This is an area, employee free choice, where Congress has taken the matter in hand, has stated an overall purpose and principle, and has made only such very narrow limitations--
Unidentified Justice: That is another branch of your substantive supersession--
Laurence Gold: --Yes, we have only a substantive supersession argument here.
Unidentified Justice: --Well, but certainly it wouldn't be impossible to comply with both.
It isn't a square conflict in the sense that you couldn't comply with both the federal and the state law.
You have to establish that Congress intended that the states establish no stiffer qualifications.
Laurence Gold: That's correct.
It would not be--
Unidentified Justice: There aren't any case here squarely on on that, are there?
Laurence Gold: --We believe that Hill versus Florida is specifically on that unless you confine your question to a specific industry.
Unidentified Justice: That is what I--
Laurence Gold: Oh, I apologize.
I thought you meant--
Unidentified Justice: --I have already... I did that.
Laurence Gold: --Oh, I apologize.
We think that on the question of whether states can move in particular industries as opposed to whether a state, to go back to the question you asked before lunch, could pass an across the board statute, that the principle on which we rely is best stated in the Wisconsin Board case in 340--
Unidentified Justice: You think the federals just plainly occupied the field on this?
Laurence Gold: --Well, we think the structure of the Act is that Congress has not given it to the states to make industry by industry deviations from the general rule.
Unidentified Justice: What if New Jersey enacts a statute saying that no one may be employed in a casino who has been guilty of conviction of the following felonies, and it includes some felonies that the Landrum-Griffin Act does not include as barring union office, and the union complains and says, we ought to have a right to vote for any union member for shop steward, and now there are people who can't work here who would otherwise be members of the union.
Laurence Gold: We don't think that the National Labor Relations Act creates any right to work.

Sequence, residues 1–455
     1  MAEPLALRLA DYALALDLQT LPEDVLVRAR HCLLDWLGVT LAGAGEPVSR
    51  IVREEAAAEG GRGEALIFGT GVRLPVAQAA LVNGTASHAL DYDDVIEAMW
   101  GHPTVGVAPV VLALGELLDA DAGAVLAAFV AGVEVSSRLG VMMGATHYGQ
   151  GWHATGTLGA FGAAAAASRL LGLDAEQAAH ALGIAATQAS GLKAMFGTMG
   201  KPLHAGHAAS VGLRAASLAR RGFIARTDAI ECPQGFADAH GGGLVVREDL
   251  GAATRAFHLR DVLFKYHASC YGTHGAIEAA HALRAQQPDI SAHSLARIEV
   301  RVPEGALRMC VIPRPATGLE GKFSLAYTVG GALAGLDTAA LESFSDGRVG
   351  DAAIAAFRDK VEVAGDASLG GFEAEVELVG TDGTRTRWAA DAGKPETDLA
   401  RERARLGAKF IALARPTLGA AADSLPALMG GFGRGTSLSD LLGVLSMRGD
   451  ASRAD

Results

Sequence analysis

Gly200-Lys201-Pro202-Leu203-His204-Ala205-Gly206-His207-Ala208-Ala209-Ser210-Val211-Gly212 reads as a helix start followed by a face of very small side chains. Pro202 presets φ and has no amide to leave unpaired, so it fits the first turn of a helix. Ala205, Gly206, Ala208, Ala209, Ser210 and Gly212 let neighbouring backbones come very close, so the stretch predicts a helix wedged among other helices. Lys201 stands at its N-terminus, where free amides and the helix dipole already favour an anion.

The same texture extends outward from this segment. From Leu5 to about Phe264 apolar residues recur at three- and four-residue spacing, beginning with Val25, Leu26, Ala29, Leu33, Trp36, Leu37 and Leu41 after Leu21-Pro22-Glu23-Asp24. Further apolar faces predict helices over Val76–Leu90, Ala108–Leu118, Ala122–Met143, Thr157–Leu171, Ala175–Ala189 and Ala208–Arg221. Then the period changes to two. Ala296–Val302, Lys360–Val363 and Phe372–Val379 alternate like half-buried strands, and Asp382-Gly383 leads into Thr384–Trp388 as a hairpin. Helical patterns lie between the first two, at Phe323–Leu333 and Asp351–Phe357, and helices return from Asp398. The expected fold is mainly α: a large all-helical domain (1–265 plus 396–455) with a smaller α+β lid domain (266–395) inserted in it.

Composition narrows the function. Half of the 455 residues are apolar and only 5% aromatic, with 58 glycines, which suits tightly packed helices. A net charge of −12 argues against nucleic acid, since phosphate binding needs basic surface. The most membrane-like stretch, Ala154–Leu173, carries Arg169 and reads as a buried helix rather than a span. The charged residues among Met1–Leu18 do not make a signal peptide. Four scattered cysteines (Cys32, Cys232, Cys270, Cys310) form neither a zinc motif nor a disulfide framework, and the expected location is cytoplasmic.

If a union were to protest either... were to protest a licensing law that you can't be a skilled craftsman, plumber, or electrician... there are such laws... unless you meet certain requirements to be an employee, we simply don't believe that the Act speaks to that.
The Act takes the group of employees as they are.
The only thing that Hill says is that once you have that group, they make the judgment of who among their number may be a state office.
So we simply don't think that Congress has regulated that far, just as we have no brief to carry for the employers who are regulated by the New Jersey law.
There is simply no inconsistent federal law which protects their interests, and therefore putting due process and other such interests aside, New Jersey can do what it sees fit.
Unidentified Justice: Well, you may be here again, then.
Laurence Gold: That is true.
Unidentified Justice: Even if you win this case.
Laurence Gold: That is true.
But in terms of the industry specific question, it seems to us that the issue here is akin to and is answered in principle by the arguments made by the public utilities and the states that wish to regulate public utilities in the Wisconsin Board case.
The argument there was that while Congress had regulated the right to bargain collectively and the right to strike, it had regulated those activities in a fashion which showed that they are not absolute rights, because Congress had placed limits on the rights, and therefore the states could in industries that were "local" and of particular importance to the state, and that had historically been regulated by the state, impose additional requirements not permitted by federal law and not enacted by Congress.
And the Court rejected that argument, recognizing that the National Labor Relations Act is general in terms, and states general principles, and that in the Act Congress made a conscious determination to regulate to the full extent of its commerce power, and Congress has in fact made certain industry specific exemptions and exceptions to its rules.
Section 8(e) and Section 8(f) deal in specific terms with the construction and garment and apparel industry.
Section 8(g) deals specifically with the hospital industry.
There are specific provisions which deal with industries that are national in scope, the so-called emergency strike provisions.
And Congress can and has and may make such exceptions to its general rules as it wishes, but where you have a general principle, as we do have, and as Hill states, either for employee free choice or for collective bargaining for the states to add or subtract to the federal rules in this area seems to us to be plainly inconsistent with the most elementary preemption principles.
Unidentified Justice: Mr. Gold, let me ask you to go back for a moment to the concern about whether DeVeau out back on Hill at all.
There is the one sentence that I have looked at several times toward the bottom of Page 152 of Justice Frankfurter's opinion in which he says,
"Obviously, the National Labor Relations Act does not exclude every state policy that may in fact restrict the complete freedom of a group of employees to designate representatives of their own choosing. "
Do you think that sentence is consistent with Justice Black's opinion in the earlier case?
Laurence Gold: I think that it may be consistent with it in the way that Chief Justice Stone pointed out in his concurring opinion in Hill.
Chief Justice Stone said there are no immunities in this statute from state penal law.
If that is the limit of Justice Frankfurter's cryptic statement, I think that there is no inconsistency.